http://hannahjs.wordpress.com/2007/04/30/up-the-creek-without-a-radio-station/
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Cable TV to air update on Conklin
Town, school leaders to discuss flood recovery status
by Connie McKinney
Press & Sun-Bulletin (NY)
04/30/07

CONKLIN — Supervisor Debra Preston will take to the airwaves to keep residents informed about the town’s recovery from last year’s flooding.  “It’s another avenue to let people know what’s going on,” she said.  Preston and Susquehanna Valley school Superintendent Gerardo Tagliaferri will appear Wednesday on Time Warner Cable’s public access channel as part of a “community corner” that spotlights local municipalities….

Plans are also in the works to give Preston her own half-hour show, which would air monthly or every other month, said David Whalen, vice president of public and governmental relations with Time Warner of Binghamton…  Several other local municipal leaders already have shows on the channel. They include state Sen. Thomas Libous, R-Binghamton; Assembly- woman Donna Lupardo, D-Endwell; and Assemblyman Clifford Crouch, R-Guilford, Whalen said.
http://www.pressconnects.com/apps/pbcs.dll/article?AID=/20070430/NEWS01/704300341/1006
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Conduit, not creator
by Lou Danzico
Letter to the Editor – The Times Tribune (PA)
04/29/07

Editor: The controversy over live cablecasting of Scranton City Council meetings moved very quickly during the last month. In the space of only one week, live cablecasting was banned in council chambers and then swiftly restored by council’s majority vote, motivated, no doubt, by public pressure.

Without orchestration, the public rose in a wave of indignation against the elimination of live cablecasting. Protests were heard wherever people gathered and in all media outlets. Objections were carried into the council meeting of March 29 and spilled onto the steps of City Hall with signs and banners supporting live cablecasting. The meeting brought out people who, by their own admission, never before came to a council meeting. As The Times-Tribune said in a March 31 editorial, “The TV genie is out of the bottle and is not going back.”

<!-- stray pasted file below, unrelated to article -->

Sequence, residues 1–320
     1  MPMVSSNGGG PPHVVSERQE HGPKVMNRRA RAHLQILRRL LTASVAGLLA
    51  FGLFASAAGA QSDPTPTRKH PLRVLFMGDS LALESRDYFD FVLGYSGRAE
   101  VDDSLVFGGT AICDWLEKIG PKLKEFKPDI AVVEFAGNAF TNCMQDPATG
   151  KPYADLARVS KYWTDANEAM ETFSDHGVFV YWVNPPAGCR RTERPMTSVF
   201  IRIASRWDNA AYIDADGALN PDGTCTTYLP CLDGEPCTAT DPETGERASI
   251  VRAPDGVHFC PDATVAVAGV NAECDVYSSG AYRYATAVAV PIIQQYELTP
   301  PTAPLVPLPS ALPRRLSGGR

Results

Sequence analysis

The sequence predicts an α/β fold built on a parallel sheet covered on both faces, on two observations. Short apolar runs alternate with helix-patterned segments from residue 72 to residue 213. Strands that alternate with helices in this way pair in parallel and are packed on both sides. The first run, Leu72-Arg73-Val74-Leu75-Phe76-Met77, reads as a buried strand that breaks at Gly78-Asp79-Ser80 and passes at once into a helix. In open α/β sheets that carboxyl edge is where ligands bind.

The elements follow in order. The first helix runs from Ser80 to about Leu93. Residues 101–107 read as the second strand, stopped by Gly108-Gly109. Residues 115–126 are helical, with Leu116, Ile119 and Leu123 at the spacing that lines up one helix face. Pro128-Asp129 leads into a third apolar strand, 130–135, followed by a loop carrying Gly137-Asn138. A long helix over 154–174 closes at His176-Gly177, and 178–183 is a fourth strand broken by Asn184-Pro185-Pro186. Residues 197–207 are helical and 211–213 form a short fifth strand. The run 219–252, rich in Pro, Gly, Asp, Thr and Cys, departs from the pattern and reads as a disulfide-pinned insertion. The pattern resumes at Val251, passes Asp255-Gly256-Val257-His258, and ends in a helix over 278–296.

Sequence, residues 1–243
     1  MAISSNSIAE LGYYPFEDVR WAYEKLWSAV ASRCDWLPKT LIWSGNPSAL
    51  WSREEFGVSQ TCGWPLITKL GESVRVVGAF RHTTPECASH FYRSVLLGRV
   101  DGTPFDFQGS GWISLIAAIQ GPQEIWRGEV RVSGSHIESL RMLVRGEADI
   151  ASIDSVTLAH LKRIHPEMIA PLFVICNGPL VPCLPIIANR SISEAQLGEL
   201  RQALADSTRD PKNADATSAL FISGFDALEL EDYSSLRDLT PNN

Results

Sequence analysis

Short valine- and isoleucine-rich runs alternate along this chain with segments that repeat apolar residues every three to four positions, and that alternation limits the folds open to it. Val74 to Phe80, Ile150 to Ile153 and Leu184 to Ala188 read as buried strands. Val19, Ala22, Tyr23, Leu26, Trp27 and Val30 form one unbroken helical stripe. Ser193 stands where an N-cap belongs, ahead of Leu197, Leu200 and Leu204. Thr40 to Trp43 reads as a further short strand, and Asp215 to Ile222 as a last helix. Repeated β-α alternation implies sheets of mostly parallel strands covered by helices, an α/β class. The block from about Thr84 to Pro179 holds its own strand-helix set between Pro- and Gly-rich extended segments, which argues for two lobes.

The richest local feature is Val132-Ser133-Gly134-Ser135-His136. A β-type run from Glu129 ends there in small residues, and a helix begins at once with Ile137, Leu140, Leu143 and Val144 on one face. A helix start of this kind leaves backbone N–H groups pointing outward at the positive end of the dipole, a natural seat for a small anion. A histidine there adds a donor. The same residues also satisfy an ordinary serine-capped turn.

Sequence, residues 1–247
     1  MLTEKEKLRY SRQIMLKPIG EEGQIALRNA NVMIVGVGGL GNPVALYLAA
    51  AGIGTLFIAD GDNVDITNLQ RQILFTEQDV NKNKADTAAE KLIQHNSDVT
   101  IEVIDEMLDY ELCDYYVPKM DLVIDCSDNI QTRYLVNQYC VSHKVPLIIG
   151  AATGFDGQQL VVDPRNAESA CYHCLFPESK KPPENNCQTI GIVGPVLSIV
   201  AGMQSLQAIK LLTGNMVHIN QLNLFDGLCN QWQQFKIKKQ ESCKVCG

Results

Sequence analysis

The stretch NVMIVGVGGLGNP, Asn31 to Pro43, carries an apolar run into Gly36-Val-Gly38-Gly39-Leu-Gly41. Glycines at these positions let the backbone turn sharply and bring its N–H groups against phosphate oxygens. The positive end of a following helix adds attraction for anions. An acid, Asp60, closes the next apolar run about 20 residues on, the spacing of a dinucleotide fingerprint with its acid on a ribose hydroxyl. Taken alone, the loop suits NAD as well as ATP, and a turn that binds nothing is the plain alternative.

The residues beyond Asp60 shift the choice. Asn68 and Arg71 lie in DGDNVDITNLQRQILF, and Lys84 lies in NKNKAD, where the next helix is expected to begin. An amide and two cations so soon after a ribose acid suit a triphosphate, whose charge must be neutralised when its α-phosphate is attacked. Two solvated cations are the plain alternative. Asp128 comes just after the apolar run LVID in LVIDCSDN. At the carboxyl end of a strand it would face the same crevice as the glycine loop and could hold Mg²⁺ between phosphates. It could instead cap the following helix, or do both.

The March 29 council vote that restored live coverage was a watershed event and a victory for citizens.  First and most importantly, it was a victory of free speech and open government. The right of citizens to speak at public meetings and to seek remedies from their elected officials is basic in a democracy.

Second was the triumph of civility over rudeness and respect over contempt. The meeting demonstrated that an exchange of ideas can occur in an atmosphere of courtesy and deference. And the concept of unedited cablecasting of municipal meeting was compellingly reaffirmed as a right, not a privilege, of citizenship.   —>
http://www.thetimes-tribune.com/site/news.cfm?newsid=18277122&BRD=2185&PAG=461&dept_id=418216&rfi=6
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compiled by Rob McCausland
Dir., Information & Organizing Services
Alliance for Community Media
202-393-2650

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Explore posts in the same categories: cable vs telco, FCC, media ownership, media reform, municipal programming, PEG access TV, public access television, redlining, video franchising